very successful. They originally settled in Jamestown with the Virginia Company managing the colony. However, the swampy landscape in Jamestown bred disease. In addition, at first the relationship with the Amerindians worked well, with the colonists trading goods such as knives, axes, and utensils used for cooking and fishing, but in time conflict arose, mostly over land. Between the disease and the deadly conflict with the Amerindians, by 1624 a large portion of the original colonists were gone. It was at that time that the English government disbanded the Virginia Company because of its bad management of Jamestown, resulting in more freedom for the colonists to move away from Jamestown and establish their own economies. This expansion allowed colonists to migrate closer to necessary waterways on the East Coast, which increased trade due to the availability of a viable route for shipping, resulting in a stronger colonist economy. This differs from the Spanish and Portuguese colonies where their European governments’ control limited the shipping of trading goods by imposing high taxes on the colonies. In addition, initially indentured servants were used by England, but while that was replaced by the less expensive slave labor, the use of the indentured servants encouraged more growth in the colonies because it gave ultimate land ownership after a period of labor. By comparison, the Spanish colonies forced the Amerindian and indigenous peoples into labor and the Portuguese relied on African slaves due to the fact that they didn’t have enough Amerindian peoples. The French used slaves as a labor system with help from the Amerindians. While these three all provided adequate labor, none allowed for growth because of lack of direct involvement or land ownership by the colonists. Finally, the English relied significantly on private investment to help with the growth and development of the colonies. While France also used private companies to help grow the economy, they weren’t as effective as England because of the tight control over the colonists by the French government. Despite the poor start, the English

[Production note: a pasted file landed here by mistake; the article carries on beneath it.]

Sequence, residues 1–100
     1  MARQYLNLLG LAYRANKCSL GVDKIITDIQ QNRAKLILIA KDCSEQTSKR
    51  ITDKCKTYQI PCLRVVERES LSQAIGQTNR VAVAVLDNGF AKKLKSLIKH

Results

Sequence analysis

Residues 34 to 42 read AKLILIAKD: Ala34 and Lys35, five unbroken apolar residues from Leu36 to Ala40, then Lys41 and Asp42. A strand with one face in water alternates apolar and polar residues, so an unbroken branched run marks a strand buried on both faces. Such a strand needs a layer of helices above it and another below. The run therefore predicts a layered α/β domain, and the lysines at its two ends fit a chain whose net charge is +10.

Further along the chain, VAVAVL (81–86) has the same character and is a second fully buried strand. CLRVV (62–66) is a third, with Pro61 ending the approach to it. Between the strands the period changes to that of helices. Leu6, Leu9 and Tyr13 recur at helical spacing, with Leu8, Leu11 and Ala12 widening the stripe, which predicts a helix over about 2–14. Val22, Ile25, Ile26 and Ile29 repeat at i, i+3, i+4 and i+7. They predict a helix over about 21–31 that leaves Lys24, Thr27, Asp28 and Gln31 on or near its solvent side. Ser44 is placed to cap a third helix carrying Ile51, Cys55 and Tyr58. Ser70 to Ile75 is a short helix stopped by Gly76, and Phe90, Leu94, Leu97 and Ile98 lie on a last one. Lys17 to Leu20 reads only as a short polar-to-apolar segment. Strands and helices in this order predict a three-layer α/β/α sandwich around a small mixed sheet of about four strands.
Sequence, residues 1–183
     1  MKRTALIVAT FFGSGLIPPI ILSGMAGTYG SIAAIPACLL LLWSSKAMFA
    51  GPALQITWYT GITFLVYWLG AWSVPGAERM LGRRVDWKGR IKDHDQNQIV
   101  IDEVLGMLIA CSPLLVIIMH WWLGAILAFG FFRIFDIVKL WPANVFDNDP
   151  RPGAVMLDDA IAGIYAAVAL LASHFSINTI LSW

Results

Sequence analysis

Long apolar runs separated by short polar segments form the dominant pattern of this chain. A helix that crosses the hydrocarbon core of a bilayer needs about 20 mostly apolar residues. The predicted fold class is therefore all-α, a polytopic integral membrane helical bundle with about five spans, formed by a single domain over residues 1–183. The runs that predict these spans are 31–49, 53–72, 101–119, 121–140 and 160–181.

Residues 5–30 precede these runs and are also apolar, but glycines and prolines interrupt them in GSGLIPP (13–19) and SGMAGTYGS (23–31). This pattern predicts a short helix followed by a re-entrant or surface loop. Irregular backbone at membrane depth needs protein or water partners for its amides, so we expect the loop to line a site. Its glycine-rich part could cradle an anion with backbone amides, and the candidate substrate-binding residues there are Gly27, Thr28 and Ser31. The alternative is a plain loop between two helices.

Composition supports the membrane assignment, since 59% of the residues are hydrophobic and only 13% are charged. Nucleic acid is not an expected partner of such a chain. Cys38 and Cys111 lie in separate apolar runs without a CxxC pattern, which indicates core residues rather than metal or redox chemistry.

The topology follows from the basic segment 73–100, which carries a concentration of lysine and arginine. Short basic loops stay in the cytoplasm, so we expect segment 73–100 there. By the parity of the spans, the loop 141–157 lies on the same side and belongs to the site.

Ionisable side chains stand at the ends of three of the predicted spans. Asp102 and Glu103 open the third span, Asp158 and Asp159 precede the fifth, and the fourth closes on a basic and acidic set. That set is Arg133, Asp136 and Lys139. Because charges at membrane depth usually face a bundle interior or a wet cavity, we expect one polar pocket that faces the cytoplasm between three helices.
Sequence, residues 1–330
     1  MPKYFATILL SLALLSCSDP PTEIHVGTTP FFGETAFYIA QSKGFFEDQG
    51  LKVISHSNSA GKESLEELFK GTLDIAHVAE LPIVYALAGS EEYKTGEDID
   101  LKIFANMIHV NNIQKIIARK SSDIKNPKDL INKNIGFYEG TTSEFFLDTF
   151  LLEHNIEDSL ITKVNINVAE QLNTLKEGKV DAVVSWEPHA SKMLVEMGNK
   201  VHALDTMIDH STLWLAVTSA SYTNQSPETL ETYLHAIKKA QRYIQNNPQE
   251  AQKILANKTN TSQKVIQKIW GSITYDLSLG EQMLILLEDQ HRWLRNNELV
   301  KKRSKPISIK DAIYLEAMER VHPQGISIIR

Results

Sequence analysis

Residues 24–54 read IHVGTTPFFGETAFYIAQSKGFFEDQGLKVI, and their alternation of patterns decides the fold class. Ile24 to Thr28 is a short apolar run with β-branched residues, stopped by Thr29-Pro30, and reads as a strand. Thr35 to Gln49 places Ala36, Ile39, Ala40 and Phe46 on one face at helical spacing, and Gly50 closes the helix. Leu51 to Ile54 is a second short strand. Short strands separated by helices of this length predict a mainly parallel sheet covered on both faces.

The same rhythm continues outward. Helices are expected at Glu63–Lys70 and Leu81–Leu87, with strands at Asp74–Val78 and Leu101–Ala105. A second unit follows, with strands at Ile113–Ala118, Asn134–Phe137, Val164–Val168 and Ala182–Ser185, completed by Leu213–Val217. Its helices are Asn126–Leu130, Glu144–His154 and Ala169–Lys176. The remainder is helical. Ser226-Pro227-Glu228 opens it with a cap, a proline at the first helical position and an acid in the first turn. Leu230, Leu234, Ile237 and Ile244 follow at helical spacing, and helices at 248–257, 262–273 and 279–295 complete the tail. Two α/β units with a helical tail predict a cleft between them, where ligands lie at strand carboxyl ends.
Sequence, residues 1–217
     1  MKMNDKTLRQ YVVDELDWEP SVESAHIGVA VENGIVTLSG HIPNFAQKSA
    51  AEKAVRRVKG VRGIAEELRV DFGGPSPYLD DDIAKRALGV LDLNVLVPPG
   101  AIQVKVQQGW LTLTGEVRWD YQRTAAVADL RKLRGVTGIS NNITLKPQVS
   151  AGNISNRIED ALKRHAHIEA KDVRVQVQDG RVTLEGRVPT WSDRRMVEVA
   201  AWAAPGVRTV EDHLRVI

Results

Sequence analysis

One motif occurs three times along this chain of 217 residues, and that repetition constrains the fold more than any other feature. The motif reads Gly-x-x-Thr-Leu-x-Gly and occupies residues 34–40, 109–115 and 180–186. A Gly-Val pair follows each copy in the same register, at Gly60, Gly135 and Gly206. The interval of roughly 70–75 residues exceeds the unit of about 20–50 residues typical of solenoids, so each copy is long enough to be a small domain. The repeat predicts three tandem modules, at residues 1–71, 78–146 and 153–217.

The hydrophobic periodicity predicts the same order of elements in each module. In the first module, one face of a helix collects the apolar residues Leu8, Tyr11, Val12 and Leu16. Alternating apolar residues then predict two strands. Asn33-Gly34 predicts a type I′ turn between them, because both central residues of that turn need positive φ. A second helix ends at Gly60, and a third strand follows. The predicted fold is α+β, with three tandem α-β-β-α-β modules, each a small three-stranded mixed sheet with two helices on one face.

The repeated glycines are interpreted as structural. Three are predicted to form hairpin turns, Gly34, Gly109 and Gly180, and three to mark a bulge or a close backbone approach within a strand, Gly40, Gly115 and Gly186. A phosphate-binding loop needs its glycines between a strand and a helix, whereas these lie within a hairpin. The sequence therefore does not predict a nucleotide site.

rebounded economically and thrived as a result of the good decisions made by the English government, which included the expansion of the colony, the freedom of the people, an indentured and slave workforce, and private investments.